Taj Mahal - Maestro
Looking at the liner notes, I was prepared to dislike this CD. I love Taj, I have many of his recordings and I’ve seen and heard him many times. However, the propensity among modern artists and producers to have other “name” folks fatten their personnel lists bothers me. It is often a waste of musical space. Ah, Taj Mahal, though, is a musician’s musician. He ain’t wasting nothin’.
Employing his Phantom Blues Band, a killer ensemble, he interprets Slim Harpo’s “Scratch My Back,” his own “Slow Drag” and a burning cover of the Bo Diddley take on “Diddy Wah Diddy.” Taj also does a remake of his own “Further On Down the Road” with this unit. I’m thinking that he was thinking of his guitar partner Jesse Ed Davis when choosing this tune. Davis was co-writer on this simple statement. Before his death he was Mahal’s partner-in-crime.
The title “Slow Drag” is a little misleading. In the early 20th century this was, in African American culture, a dance tempo. It was a sort of Black Tango, sexy and intimate. This tune is much more a ‘cakewalk’ step. The lyrics reference jail time, Taj employing irony, part of the African American lyric tradition. It does manage to touch the early part of the last century because of the banjo. Randy Newman and Ry Cooder have both traveled in this artistic zone.
“Scratch My Back” has none of the laconic nature associated with the original or even most covers. Likewise, “Diddy Wah Diddy” is a Taj Mahal reading, owing little to any other version.
The band called the New Orleans Social Club is loose and nasty, reflecting those NOLA values [Two Meters and a young Neville are present]. The two tracks on which they work are right where they should be. In Taj’s hands Fats Domino’s “Hello Josephine” is not the rollicking celebration of the 50s. Mahal updates the song as something funky, a swamp thang. The back-to-back organ and piano solos are the kind of playing that is a joy. “I Can Make You Happy” is a straight paean to Howlin’ Wolf. Taj uses the gift of his voice to ‘do the Wolf.’ The coolest facet of this song is Taj has managed to write a Wolf-style one-chord riff (Think Smokestack Lightnin’” or “How Many More Years”) but it is based on two chords and inverted from what most musicians would conceive.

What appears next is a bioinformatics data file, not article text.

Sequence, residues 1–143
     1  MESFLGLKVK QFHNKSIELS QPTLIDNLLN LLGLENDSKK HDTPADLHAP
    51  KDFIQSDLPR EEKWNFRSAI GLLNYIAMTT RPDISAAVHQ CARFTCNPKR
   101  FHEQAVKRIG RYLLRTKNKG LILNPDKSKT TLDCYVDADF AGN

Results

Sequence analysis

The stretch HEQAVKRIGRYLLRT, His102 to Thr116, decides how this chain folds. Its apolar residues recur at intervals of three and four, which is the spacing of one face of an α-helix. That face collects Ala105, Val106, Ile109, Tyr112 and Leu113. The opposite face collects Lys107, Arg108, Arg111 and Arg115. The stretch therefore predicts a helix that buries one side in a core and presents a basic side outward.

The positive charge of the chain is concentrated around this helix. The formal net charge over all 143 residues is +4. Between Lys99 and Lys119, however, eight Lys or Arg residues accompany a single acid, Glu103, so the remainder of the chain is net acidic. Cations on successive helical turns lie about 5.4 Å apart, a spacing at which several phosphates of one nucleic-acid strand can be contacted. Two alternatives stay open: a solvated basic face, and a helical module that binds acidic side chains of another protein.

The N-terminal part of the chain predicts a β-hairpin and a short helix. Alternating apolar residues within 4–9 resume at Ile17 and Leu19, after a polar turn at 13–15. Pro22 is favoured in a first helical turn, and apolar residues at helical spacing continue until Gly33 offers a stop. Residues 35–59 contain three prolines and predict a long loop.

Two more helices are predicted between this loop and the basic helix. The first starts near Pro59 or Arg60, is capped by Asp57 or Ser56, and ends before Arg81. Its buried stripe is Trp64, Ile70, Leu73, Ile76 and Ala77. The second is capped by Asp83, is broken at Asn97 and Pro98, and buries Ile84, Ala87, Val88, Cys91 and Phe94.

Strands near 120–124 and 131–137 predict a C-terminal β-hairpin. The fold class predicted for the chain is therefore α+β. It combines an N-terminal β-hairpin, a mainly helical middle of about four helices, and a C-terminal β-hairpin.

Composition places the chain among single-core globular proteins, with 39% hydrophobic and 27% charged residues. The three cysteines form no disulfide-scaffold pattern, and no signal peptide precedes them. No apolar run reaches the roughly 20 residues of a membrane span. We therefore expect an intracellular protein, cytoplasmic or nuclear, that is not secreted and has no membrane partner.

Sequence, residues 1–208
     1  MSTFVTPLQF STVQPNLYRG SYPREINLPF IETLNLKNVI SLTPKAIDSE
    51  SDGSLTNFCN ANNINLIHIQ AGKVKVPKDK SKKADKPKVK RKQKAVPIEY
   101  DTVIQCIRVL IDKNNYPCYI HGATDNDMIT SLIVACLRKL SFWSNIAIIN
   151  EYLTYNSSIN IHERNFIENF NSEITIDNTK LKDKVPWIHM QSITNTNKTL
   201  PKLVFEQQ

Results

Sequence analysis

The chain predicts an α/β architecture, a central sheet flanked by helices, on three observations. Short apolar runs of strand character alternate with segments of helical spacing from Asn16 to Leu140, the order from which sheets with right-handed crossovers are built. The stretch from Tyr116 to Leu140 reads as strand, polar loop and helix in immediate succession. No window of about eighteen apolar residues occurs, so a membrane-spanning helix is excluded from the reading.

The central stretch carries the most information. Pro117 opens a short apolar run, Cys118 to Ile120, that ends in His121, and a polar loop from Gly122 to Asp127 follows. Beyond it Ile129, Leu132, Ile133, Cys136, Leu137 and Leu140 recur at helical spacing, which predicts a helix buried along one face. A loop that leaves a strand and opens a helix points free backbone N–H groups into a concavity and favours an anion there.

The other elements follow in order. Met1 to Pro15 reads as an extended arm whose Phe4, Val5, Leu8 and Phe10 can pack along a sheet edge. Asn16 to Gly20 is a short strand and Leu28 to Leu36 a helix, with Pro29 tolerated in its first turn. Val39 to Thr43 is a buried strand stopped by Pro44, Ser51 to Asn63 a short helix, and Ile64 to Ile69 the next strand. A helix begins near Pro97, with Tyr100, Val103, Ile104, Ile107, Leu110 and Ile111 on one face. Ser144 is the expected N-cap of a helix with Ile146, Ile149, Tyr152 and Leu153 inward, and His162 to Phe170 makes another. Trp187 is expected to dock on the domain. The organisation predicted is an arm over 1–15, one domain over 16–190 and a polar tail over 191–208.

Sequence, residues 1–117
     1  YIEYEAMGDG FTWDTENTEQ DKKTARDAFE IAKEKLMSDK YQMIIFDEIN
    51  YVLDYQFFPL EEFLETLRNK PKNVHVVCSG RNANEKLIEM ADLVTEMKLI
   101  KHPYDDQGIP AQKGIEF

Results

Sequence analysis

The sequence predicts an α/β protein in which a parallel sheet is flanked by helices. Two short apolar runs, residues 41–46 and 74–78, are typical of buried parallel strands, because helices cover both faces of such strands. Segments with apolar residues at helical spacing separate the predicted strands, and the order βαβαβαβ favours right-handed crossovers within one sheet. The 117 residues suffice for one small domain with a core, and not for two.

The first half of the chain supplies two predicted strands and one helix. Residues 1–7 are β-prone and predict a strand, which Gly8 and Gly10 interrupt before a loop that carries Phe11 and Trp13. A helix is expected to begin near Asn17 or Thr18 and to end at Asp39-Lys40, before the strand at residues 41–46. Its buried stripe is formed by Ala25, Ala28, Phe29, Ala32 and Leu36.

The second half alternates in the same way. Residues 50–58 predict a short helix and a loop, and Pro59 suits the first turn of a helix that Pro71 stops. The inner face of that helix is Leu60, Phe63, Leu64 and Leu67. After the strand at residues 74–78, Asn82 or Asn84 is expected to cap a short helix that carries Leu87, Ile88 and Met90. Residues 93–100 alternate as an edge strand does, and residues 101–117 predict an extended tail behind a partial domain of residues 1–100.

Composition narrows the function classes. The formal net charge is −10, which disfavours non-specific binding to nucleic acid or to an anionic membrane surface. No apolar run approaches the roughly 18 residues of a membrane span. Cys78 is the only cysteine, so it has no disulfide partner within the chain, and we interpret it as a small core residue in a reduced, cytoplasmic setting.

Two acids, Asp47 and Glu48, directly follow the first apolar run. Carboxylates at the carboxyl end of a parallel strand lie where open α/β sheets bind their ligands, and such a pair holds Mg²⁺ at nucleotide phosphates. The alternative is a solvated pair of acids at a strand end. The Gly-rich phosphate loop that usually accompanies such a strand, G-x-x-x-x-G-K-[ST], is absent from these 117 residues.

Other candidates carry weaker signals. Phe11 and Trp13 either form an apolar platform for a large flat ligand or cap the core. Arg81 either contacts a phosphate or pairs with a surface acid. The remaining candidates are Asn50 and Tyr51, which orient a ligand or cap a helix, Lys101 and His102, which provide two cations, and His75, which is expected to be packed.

Los Lobos joins with Mahal for a very nasty lo-tech cover of Big Joe Turner’s “TV Mama.” The decidedly ‘retro’ attempt to evoke 1953 is successful. I’m not sure it was necessary, but it works very nicely. I can’t help but enjoy the “big wide screen” metaphor… I’m so tired of ‘booty’ references. “Never Let You Go” is something you need to be aware of, Hawai’in Reggae. I’m sure it didn’t take long to teach the East L.A. vatos to reach across the cultural line to do a good job on this tune because they all are committed to tradition as well as progression. Bass player Conrad Lozano handles the Jamaican rhythm admirably.
Ben Harper, knighted by Taj in 1992, contributes “Dust Me Down.” The metaphor misses the mark but it stands as a nice partnership between the Maestro and the student [Harper’s grandparents were friends with Taj].
The Ziggy Marley Band does a subtle job on “Black Man, Brown Man.” In the 40s and 50’s this song would have been a coded criticism/commentary like the seemingly banal “Yellow Bird” or “Sly Mongoose.” In this new millennium it serves as a reminder for the marginalized to retain a connection with their lineage. No anger at ‘Babylon,’ no killing of the Sheriff, just a reminder.
“Strong Man Holler” won’t reveal anything new, but it is a smoldering cut. The topic of lust has been better addressed, but this is a good, sweaty blues tune. Billy Branch brings that Chicago harp sound that reinforces the sentiment.
“Zanzibar” is out of place as the sixth track, but an acceptable song because, like everything Taj Mahal does, it is sincere. It won’t hurt you to hear one of the great Nigerian kora players and a ‘genuine’ African vocalist provide this texture in the middle of a lesson about American vernacular music. If you are a fan of Ry Cooder, you’ll understand. If you are not, there’s something else you should do.
This might be a killer introduction to the range of modern Blues and a little bit of “World Music” for your wife or son. Taj Mahal delivers the ‘rill thang’ without being scary to none but the narrow-minded.
Reviewer John Harrelson has been playing Blues since 1965 and worked in virtually every genre of music; Folk, Country, Jazz, R&B and Rock. He holds a Ph.D in Historical Musicology from the Claremont Graduate University and a B.A. in Anthropology and Ethnomusicology. www.johnharrelson.com